Why You Should Like Parker-Hannifin Corporation’s (NYSE:PH) ROCE

Today we are going to look at Parker-Hannifin Corporation (NYSE:PH) to see whether it might be an attractive investment prospect. Specifically, we’ll consider its Return On Capital Employed (ROCE), since that will give us an insight into how efficiently the business can generate profits from the capital it requires.

Firstly, we’ll go over how we calculate ROCE. Next, we’ll compare it to others in its industry. Last but not least, we’ll look at what impact its current liabilities have on its ROCE.

Return On Capital Employed (ROCE): What is it?

ROCE is a metric for evaluating how much pre-tax income (in percentage terms) a company earns on the capital invested in its business. Generally speaking a higher ROCE is better. In the end, ROCE is a valuable metric that has its flaws. Author Edwin Whiting says to be careful when comparing the ROCE of different businesses, since ‘No two businesses are exactly alike.’

So, How Do We Calculate ROCE?

The formula for calculating the return on capital employed is:

Return on Capital Employed = Earnings Before Interest and Tax (EBIT) ÷ (Total Assets – Current Liabilities)

Or for Parker-Hannifin:

0.17 = US$2.0b ÷ (US$15b – US$3.3b) (Based on the trailing twelve months to September 2018.)

So, Parker-Hannifin has an ROCE of 17%.

Check out our latest analysis for Parker-Hannifin

Is Parker-Hannifin’s ROCE Good?

ROCE is commonly used for comparing the performance of similar businesses. Using our data, we find that Parker-Hannifin’s ROCE is meaningfully better than the 12% average in the Machinery industry. We consider this a positive sign, because it suggests it uses capital more efficiently than similar companies. Independently of how Parker-Hannifin compares to its industry, its ROCE in absolute terms appears decent, and the company may be worthy of closer investigation.

NYSE:PH Last Perf December 17th 18
NYSE:PH Last Perf December 17th 18

It is important to remember that ROCE shows past performance, and is not necessarily predictive. ROCE can be misleading for companies in cyclical industries, with returns looking impressive during the boom times, but very weak during the busts. ROCE is, after all, simply a snap shot of a single year. Since the future is so important for investors, you should check out our free report on analyst forecasts for Parker-Hannifin.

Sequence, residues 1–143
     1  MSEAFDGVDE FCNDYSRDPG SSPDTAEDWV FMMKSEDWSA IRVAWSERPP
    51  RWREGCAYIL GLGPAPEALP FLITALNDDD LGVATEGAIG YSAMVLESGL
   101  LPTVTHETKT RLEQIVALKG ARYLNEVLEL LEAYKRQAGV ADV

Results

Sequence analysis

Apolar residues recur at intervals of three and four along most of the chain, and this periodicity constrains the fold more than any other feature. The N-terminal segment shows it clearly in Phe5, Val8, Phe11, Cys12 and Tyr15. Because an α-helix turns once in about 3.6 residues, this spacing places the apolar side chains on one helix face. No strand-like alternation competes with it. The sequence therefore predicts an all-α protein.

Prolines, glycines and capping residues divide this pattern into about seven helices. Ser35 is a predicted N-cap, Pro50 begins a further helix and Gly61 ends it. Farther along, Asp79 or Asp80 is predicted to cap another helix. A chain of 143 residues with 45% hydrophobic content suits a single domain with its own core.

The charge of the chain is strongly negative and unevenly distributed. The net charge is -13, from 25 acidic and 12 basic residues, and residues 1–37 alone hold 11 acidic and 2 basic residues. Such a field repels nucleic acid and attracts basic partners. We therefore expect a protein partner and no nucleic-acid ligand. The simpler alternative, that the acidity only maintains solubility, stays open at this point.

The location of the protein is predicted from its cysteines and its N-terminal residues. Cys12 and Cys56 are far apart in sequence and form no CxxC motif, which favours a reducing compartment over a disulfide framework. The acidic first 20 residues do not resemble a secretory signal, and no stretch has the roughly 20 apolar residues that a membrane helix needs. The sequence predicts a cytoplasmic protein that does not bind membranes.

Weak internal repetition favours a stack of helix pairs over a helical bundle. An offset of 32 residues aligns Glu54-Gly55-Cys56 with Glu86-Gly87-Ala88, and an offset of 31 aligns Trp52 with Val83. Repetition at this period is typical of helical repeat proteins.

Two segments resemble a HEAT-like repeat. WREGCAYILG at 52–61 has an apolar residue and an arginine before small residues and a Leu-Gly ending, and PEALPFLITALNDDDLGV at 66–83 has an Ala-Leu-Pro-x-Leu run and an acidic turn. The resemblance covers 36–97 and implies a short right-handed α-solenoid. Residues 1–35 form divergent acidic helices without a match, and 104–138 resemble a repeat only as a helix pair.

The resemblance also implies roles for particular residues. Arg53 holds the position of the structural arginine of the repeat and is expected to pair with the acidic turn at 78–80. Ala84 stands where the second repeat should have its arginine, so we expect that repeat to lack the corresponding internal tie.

What Are Current Liabilities, And How Do They Affect Parker-Hannifin’s ROCE?

Current liabilities include invoices, such as supplier payments, short-term debt, or a tax bill, that need to be paid within 12 months. Due to the way the ROCE equation works, having large bills due in the near term can make it look as though a company has less capital employed, and thus a higher ROCE than usual. To counteract this, we check if a company has high current liabilities, relative to its total assets.

Parker-Hannifin has total liabilities of US$3.3b and total assets of US$15b. As a result, its current liabilities are equal to approximately 21% of its total assets. A fairly low level of current liabilities is not influencing the ROCE too much.

Our Take On Parker-Hannifin’s ROCE

This is good to see, and with a sound ROCE, Parker-Hannifin could be worth a closer look. A good or bad ROCE tells us something about a business, but we need to do more research before making a purchase. One data point to check is if insiders have bought shares recently.

Of course Parker-Hannifin may not be the best stock to buy. So you may wish to see this free collection of other companies that have high ROE and low debt.

To help readers see past the short term volatility of the financial market, we aim to bring you a long-term focused research analysis purely driven by fundamental data. Note that our analysis does not factor in the latest price-sensitive company announcements.

The author is an independent contributor and at the time of publication had no position in the stocks mentioned. For errors that warrant correction please contact the editor at editorial-team@simplywallst.com.